The Entrepreneurship Division offers two dissertation awards that honor outstanding doctoral research. The Heizer Dissertation Award and the NFIB Dissertation Award are open to “individuals who completed all the requirements for a doctoral degree (excepting ceremonies) in the prior year.” Yearly calls from the Division solicit nominations from members, including self-nominations. The Division’s Chair-Elect and a committee of accomplished scholars reviews each application to identify top nominees and, ultimately, choose award winners. Each dissertation award is sponsored by a generous donor who provides a cash prize to awardees. Awardees also receive special recognition at the annual meeting.
In addition to dissertation awards, all division members, including doctoral students, can earn awards when submitting to and reviewing papers for the annual meeting. Reviewing is a valuable service that contributes to the veracity and advancement of our science, while also providing reviewers the opportunity to identify new and exciting research trends in our field. AOM has many resources available online for new and less experienced reviewers, which helps reduce ambiguity about what reviews should entail and sets the tone for constructive feedback. Additionally, upon submitting comments about each paper, reviewers can read other reviewers’ comments about the same paper, which provides an excellent opportunity to compare our reviews to those of more experienced scholars. At the 2017 annual meeting, doctoral students received 40% of the Best Reviewer awards! At the MWM, Prof. Dawn DeTienne, Program Chair, reported that doctoral students comprised over a third of the reviewer base for this year’s annual meeting. One doctoral student was assigned per submission. For more information on any of these awards, as well as best paper awards, check out the Division’s new website via AOM Connect: https://connect.aom.org/ent/home.
AOM Connect Resources
The board also discussed ways to engage doctoral students through the many tools available via the Division’s new website. One idea floated was a dedicated “Doctoral Student” webpage, which would include videos of speakers at the doctoral and early career consortia and other content useful to student members. The website may also include research and teaching podcasts and/or videos, which could prove to be invaluable resources for all members. Additionally, the ENT listserv has now migrated to AOM Connect. Through this discussion board, Division members have access to calls for conference and journal submissions, as well as job opportunities. Be sure to update your profile and communication preferences. Stay tuned for many more exciting resources coming soon.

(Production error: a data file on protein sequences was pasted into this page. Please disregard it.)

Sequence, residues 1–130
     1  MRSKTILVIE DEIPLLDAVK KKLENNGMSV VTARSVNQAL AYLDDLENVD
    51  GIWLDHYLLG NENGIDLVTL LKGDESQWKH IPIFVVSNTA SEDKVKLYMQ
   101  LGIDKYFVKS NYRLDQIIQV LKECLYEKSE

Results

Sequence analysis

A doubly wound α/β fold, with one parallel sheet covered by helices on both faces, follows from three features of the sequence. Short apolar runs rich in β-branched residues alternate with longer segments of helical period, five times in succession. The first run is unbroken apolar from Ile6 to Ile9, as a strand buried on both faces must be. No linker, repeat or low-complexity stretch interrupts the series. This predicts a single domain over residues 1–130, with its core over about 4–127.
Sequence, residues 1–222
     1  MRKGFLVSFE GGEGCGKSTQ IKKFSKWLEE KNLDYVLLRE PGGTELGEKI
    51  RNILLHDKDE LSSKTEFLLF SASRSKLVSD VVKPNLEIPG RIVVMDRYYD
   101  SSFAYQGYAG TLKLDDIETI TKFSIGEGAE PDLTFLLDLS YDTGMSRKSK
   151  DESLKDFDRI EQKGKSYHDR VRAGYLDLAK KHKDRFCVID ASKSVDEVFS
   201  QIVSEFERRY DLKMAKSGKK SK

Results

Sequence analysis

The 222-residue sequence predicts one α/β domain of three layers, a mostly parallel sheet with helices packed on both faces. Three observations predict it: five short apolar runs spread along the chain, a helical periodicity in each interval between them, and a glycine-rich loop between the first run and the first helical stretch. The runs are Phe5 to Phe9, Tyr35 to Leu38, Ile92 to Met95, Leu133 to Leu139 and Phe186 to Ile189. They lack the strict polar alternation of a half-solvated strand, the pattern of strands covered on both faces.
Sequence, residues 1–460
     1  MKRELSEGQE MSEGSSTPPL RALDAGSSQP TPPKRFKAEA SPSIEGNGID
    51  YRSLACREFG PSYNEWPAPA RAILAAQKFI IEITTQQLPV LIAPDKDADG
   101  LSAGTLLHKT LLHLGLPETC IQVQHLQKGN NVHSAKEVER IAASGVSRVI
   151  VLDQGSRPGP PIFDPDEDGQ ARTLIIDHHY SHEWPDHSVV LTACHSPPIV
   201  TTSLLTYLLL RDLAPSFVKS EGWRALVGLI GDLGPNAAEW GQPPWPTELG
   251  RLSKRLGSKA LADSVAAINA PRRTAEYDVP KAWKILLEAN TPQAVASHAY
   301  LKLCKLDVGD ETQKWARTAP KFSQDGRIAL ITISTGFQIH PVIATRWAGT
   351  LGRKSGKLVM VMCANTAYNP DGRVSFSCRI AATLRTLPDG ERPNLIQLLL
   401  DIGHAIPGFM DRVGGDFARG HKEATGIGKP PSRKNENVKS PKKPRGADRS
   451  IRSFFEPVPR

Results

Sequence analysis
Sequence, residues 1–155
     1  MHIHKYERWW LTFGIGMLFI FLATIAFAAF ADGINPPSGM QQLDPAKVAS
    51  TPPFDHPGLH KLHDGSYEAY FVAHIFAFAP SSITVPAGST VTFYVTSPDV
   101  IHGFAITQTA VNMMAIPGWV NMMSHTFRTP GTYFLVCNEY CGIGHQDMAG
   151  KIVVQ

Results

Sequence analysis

One of the salient themes of the MWM involved how to increase mentorship opportunities for student members around the world. At this year’s annual meeting, the Division will once again pair doctoral consortium participants with more senior scholars for a paper development session. The board is also looking to extend this mentorship opportunity to a group of student members who are not participating in the consortium. Another idea that gained traction for future implementation was a mentorship program that partners students with more advanced scholars, based on a range of needs and synergies. The board selected a task force to brainstorm and evaluate options to bring such a program to fruition, including ways to use technologies to facilitate a matching process and details on what participants could expect. As the board continues to advance all these opportunities, stay tuned!
I conclude this brief by reflecting on the genuine effort each board member made during the MWM to consider the needs and desires of all Division stakeholders. From doctoral students to scholars at early, mid, and late career stages to Division sponsors, the board strove in earnest to consider all perspectives when planning August’s annual meeting and proposing initiates to meet the Division’s future goals. The board’s dedication to the doctoral student membership was reflected in my presence at the meeting and their warmth in welcoming me, as well as the many hours we spent discussing current and new opportunities for connecting, engaging, and recognizing the next generation of scholars.
Until next time, happy researching!